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1993/1994 – The Rogues

Rogue Logo

The Rogues unwittingly caught the zeitgeist. We started playing Irish music just as landlords were deciding to have Irish themed pubs and bars, and wanting live music. We also developed a unique sound by mistake; the acoustic guitar went through a Marshall amp because that’s all we had, I played the banjo like a guitar because I couldn’t really play the banjo properly and, after that first gig, we used a drum machine because Craig was busy playing with another band. We’d tried with me playing my bass drum whilst singing, but I couldn’t keep the beat going for long enough before my leg ached, so scrapped that idea. We’d augmented the band by adding the other Martin (from the Rhythm and Blues band) on guitar so that I could play more twiddly bits on the banjo and mandolin and we’d learned loads of new songs. We even had a rehearsal at my school after work one day. Another feature people loved was how we all swapped instruments for different songs; again a happy accident because none of us could sing and play bass so ‘Big Martin’ (as we ended up calling him, as opposed to ‘Little Martin’) and I had to swap depending on who sang lead vocals.

We managed to get a second gig when ‘Big Chris’ who was landlord at The Charter Arms moved to take over The Tabard on Herringthorpe Valley Road. He wanted to put on an Irish night and asked us to play. We treated it more as a practice really as we hadn’t actually worked out what key everything should be in, we just guessed – but we had another great response from people there and decided to try and make a proper go of it.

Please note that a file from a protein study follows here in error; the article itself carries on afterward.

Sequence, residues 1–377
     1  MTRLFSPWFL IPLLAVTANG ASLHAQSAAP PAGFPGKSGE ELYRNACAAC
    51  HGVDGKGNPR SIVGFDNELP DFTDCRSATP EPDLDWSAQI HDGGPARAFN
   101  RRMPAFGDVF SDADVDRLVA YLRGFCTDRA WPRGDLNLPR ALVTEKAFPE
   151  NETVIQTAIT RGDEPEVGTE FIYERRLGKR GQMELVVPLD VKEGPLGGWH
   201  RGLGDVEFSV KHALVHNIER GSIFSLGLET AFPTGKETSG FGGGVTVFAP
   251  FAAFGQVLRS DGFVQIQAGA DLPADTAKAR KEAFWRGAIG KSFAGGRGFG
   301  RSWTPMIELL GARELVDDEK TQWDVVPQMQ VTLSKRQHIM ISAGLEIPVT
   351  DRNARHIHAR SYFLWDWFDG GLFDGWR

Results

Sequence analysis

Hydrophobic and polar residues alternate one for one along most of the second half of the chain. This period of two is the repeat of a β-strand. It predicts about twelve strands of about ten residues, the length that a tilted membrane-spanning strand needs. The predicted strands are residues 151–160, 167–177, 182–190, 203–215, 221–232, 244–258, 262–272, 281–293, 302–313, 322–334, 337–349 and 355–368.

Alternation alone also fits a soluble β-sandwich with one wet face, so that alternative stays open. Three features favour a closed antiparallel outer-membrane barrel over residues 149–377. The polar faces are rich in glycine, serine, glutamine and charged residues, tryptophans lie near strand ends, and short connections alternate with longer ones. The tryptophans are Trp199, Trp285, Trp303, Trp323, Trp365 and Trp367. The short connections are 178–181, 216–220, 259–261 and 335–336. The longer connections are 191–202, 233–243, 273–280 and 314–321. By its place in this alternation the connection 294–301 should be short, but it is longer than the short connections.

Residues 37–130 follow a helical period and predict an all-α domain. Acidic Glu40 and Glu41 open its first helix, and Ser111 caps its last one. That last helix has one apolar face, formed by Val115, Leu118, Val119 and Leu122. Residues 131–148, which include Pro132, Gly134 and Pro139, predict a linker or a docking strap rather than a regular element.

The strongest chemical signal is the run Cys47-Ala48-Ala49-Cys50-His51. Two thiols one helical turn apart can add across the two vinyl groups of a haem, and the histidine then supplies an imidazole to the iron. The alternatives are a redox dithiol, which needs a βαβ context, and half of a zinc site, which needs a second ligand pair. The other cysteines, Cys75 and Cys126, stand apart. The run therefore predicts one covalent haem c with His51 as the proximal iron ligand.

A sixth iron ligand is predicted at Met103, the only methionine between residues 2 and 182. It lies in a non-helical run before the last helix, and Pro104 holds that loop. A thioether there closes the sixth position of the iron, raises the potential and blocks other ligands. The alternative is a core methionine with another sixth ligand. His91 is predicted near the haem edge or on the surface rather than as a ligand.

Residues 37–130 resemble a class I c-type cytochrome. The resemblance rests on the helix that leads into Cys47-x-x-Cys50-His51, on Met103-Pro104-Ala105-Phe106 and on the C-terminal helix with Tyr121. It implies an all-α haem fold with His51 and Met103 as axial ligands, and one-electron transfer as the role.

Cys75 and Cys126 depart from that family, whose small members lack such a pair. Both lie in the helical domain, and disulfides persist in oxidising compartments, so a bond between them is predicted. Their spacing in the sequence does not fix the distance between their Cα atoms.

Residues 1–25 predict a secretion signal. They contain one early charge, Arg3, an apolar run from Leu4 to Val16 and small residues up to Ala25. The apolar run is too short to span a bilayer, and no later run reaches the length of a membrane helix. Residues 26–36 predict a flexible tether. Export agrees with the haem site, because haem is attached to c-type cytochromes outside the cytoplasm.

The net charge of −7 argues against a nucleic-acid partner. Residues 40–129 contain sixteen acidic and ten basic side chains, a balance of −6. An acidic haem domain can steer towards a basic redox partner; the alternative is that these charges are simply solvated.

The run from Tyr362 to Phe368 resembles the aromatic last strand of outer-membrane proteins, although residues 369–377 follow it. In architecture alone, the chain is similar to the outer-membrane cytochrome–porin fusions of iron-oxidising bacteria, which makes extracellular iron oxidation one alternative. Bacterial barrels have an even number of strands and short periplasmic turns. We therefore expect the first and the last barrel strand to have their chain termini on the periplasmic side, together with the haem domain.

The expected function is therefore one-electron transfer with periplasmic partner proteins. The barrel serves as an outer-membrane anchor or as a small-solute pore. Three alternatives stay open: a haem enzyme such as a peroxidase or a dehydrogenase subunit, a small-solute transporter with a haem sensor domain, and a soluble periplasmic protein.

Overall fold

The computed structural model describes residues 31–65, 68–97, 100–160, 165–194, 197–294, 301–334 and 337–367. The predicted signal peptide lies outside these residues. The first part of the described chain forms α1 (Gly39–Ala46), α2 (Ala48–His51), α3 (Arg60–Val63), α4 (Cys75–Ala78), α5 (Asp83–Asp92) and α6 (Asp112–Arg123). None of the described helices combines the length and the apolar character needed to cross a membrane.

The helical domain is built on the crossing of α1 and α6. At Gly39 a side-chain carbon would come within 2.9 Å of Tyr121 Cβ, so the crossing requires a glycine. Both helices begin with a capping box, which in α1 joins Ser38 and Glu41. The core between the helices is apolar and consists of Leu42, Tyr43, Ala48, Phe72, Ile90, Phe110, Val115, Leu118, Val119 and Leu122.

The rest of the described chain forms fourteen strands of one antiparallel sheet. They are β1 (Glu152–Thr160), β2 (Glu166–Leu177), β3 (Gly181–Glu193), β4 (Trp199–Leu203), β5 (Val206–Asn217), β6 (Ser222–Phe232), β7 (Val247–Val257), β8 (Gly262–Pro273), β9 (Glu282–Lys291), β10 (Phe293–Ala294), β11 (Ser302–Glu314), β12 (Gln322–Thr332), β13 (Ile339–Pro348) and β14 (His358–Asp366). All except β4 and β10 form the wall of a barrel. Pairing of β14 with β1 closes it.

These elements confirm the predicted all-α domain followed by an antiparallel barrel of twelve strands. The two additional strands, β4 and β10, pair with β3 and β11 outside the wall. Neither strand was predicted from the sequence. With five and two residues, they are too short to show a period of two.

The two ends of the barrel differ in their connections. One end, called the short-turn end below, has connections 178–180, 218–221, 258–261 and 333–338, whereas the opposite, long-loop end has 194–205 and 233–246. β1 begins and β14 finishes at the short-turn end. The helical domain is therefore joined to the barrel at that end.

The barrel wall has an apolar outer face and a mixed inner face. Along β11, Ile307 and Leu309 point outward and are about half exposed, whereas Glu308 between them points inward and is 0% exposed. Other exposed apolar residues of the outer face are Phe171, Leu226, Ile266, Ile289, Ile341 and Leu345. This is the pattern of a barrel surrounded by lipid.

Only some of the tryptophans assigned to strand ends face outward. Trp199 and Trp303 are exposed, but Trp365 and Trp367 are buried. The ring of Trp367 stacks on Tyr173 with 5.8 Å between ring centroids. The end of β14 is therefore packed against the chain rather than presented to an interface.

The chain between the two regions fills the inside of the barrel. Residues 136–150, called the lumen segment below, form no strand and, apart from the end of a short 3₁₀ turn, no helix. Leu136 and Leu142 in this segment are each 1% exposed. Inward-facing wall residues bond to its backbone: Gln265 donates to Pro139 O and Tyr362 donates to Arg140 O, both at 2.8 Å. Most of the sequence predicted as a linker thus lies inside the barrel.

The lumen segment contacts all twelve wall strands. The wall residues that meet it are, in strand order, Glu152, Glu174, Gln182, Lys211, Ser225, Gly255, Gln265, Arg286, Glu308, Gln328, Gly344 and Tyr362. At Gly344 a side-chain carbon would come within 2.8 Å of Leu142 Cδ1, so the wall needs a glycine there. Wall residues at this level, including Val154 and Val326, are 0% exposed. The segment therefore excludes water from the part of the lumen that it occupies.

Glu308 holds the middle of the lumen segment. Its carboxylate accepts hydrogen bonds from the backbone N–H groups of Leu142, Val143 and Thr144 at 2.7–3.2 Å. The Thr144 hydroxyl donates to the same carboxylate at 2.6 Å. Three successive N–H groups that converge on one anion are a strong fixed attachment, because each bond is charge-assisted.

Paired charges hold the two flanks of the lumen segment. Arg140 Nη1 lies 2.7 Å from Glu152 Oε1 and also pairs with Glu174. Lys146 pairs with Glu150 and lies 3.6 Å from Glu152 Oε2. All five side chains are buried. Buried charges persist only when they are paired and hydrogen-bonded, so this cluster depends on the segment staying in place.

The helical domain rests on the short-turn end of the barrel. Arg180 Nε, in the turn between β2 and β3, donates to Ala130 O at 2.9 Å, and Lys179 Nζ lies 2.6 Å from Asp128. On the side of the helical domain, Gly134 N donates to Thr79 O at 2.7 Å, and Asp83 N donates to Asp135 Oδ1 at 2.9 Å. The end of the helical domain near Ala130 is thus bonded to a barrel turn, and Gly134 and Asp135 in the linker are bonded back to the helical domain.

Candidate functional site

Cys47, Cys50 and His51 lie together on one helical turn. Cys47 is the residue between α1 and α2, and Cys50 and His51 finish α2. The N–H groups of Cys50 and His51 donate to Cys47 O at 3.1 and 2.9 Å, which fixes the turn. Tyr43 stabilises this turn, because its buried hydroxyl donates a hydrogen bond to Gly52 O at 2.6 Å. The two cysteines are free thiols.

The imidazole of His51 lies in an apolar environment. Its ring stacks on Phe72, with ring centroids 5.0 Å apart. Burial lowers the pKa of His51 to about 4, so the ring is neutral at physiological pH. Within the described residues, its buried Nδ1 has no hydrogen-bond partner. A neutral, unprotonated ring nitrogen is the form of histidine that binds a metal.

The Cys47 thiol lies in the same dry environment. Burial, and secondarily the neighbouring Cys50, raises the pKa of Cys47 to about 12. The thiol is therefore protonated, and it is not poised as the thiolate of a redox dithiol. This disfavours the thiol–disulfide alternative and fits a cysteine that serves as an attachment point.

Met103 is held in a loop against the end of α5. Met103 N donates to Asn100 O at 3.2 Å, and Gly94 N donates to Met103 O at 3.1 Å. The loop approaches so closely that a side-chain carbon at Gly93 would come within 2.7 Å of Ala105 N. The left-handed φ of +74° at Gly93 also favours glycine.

We determined from the start that we weren’t going to use an agent if at all possible (17.5% for a phone call? No chance!) so Martin (big) and I spent a few nights going round the local pubs who we knew had live music, saying we had an Irish band and offering to do a gig. We said we’d do it for next to nothing, but unfortunately, no one was willing to take a chance on a new band so it was back to the open-mic nights.

Then we got the chance. Martin had a phone call from Pete Jones, an established local Country artist that he knew through his dad, who said he had a gig at the George And Dragon pub in Wentworth, but was ill and wasn’t able to do it. He’d heard that we’d got a band together and asked if we wanted to fill in for him. It was a Monday night so the money wasn’t great but we could have it if we wanted. We wanted. When we arrived, the place wasn’t really busy at all but there was a group of about nine or ten lads from the village, sitting round where we had to set up, feet on the chairs and pints on the tables. Somehow we knew it was make or break. From the very first song, “I’ll Tell Me Ma”, they were with us, clapping along, stamping on the floor and banging their pint glasses on the tables. They chatted happily with us between sets and said how refreshing it was to have something different. It became the first of many lively (sometimes to the point of dangerous) nights at the George And Dragon and prompted many phone calls from people who’d heard about what a good night it was, asking us to play at their pub. Early in 1994 we were asked by John, landlord at The Station in Parkgate if we fancied having a residency there every Thursday night. We played there for over two years, whilst offers of gigs came rolling in from all over the place. The Rogues had arrived!